according to the time stamp on my inset image, i bought this book last july. and i spent close to two weeks reading the book. does that mean i didn’t like the book? no. it only means i had a harder time than usual reading it.
first of all, i’m not a fan of basketball. the only reason i picked up the book was because i was intrigued as to how the author, a foreigner, sees the philippines. modern-day philippines, and not the philippines in school textbooks. and second, i do take longer when reading non-fiction, than when i read something fictional. i don’t know why.
in the end though, only one thing was important to me. was the book worth buying? yes. and i’m glad i bought it.
PACIFIC RIMS reads a little like an underdog novel. you are introduced to your main characters, the ‘losers’ so to speak, and then you join their journey to become champions.
rafe bartholomew, the author, spent three years in the philippines to experience first hand the “unlikely love affair” the philippines has with basketball. having lived here all my life, i don’t actually get the “unlikely” part of the love affair. i’ve lived knowing that filipinos love basketball. i’ve never taken a liking to it, because of my ineptitude in sports, but i’ve seen enough of it to know that it’s a very filipino sport.
basketball is like a short soap-opera. you have heroes, antagonists, powers-that-be, all mixed with talent and chance. it’s a live theater production that people can relate to because it has simple rules. it’s entertainment in its purest form.
and like most popular soap-operas, it’s free to watch on television. and for a price, you can watch the magic live.
reading PACIFIC RIMS, i was amazed to find myself getting sucked into the world of philippine basketball. as i already mentioned, it’s an accepted part of life. i was just never a fan. and i’m not claiming that the book converted me into one. it hasn’t. but for the days that i’ve been reading the book, i felt part of that world.
i guess i should credit that to the author’s way of writing. it’s very inclusive. when you read mr. bartholomew’s accounts, you’re not just reading about his experience. you feel part of the action. also, the book doesn’t romanticize the sport, but you can see just how the author loves it. it comes off in the writing.
the best part? the actual games. i’ve seen a few basketball games, so i remember the exhilaration of watching it live. and the author was able to put that exhilaration into paper. you can really see (and feel) rafe bartholomew’s love for the game through the words. and because of that love, the words transform themselves into an experience you feel while reading his accounts.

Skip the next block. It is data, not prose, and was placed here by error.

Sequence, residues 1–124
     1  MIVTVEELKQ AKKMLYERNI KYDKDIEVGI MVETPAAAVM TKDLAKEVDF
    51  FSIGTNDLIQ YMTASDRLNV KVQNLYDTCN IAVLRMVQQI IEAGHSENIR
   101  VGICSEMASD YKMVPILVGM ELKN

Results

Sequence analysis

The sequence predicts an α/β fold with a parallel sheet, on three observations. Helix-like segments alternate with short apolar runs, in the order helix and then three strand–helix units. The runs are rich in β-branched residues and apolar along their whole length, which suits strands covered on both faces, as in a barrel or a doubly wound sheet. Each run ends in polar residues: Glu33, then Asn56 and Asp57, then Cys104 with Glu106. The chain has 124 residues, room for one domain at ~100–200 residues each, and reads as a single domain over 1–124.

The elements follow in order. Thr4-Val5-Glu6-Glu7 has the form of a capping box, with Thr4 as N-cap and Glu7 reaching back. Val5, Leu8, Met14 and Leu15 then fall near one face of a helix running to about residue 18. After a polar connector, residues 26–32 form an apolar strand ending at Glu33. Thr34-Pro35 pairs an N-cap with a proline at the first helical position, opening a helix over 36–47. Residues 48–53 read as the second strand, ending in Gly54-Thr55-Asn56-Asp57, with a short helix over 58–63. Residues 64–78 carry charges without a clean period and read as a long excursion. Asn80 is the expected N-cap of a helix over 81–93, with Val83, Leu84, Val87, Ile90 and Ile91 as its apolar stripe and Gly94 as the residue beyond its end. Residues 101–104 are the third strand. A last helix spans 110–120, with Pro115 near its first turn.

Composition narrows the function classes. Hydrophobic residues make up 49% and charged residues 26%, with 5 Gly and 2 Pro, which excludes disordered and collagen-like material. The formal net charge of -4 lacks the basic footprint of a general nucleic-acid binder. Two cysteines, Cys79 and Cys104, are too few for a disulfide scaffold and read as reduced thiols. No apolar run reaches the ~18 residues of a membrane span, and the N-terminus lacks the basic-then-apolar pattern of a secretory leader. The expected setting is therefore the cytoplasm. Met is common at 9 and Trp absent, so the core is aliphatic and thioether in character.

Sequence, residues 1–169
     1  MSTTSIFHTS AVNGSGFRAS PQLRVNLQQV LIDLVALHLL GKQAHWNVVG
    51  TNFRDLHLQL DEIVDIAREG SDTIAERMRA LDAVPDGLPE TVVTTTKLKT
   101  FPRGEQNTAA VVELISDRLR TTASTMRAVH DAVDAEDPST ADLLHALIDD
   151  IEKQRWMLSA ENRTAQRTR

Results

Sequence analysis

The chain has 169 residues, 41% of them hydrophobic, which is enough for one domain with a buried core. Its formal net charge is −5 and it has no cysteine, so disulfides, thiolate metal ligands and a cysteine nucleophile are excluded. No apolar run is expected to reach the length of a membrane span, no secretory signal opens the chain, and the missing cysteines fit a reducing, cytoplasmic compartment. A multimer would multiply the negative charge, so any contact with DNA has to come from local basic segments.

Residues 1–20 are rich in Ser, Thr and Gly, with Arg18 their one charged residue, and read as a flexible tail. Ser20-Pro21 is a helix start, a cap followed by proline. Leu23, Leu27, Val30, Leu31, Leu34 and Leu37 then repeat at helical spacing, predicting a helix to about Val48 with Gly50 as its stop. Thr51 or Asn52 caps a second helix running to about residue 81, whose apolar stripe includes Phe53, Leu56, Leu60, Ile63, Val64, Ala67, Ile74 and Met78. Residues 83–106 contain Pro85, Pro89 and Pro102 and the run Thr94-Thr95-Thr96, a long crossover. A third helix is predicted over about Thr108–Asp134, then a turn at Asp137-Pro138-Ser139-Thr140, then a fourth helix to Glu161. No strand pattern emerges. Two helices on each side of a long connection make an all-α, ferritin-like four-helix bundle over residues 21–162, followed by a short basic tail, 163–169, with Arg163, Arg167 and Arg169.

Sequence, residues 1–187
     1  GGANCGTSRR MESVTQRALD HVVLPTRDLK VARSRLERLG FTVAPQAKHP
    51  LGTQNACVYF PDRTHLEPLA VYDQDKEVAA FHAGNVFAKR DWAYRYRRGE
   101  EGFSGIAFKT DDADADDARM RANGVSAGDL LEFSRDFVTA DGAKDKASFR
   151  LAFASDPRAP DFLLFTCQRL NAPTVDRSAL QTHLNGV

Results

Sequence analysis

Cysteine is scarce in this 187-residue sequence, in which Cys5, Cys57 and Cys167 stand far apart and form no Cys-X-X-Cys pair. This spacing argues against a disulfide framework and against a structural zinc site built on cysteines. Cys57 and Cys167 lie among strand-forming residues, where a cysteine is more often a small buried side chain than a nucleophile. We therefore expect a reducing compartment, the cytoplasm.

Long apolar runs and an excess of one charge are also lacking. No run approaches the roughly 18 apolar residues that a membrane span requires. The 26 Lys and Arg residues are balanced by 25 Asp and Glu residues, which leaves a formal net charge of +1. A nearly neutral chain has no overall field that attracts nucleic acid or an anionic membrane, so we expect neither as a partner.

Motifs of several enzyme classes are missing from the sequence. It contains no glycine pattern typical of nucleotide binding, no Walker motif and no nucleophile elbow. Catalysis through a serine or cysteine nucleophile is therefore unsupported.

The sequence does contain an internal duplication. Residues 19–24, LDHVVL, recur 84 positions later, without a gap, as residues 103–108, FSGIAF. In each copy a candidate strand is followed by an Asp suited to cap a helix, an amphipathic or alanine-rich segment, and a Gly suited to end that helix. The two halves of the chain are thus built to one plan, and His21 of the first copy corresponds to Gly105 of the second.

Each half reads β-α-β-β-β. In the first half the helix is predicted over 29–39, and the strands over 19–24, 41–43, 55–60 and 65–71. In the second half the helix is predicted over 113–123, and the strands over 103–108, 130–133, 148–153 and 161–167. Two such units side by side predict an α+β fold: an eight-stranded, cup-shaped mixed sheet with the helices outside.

and then there are the segues. basketball being an intrinsic part of filipino culture means it touches upon other parts of the filipino psyche. the author touches on some of them in the book as well: from how politics had involved itself in the game, to the integral part it plays in societies–it even has part of a chapter set in the world of entertainment.
the book trailer i’ve seen of PACIFIC RIMS mentioned that it’s not just a book about basketball, it’s a book about the philippines. and i agree. i can also say that it’s one of the most accurate description i’ve seen of the philippines in print. then again, most of the things i’ve read about the country are either praise releases, or condemnations. so i salute rafe bartholomew, a foreigner who is more filipino than most of our celebrities, for writing about the philippines without prejudice and bias.
but before i completely end this post, i just have to mention something. rafe bartholomew’s haunts in the book, ateneo de manila, araneta coliseum, and even his stint in BAKEKANG, a local soap opera, where the places i’ve been to during the same time. his first year in the philippines, when he was researching at the ateneo library, was my last year of school in ateneo; BAKEKANG was one of the first shows i handled during my time as a features writer for a local entertainment website; and as for araneta coliseum? i’ve never been there during pba games, but i’ve been there (and around the area) for so many times because of events i had to cover.
why do i note this? because throughout rafe bartholomew’s three years in the philippines, while he was moving around the same circles i was, i never saw the things he saw. for me, that time was a new chapter in my life, but everything was pretty much same old, same old. but for him, it was a whole different ball game. pun, not intended.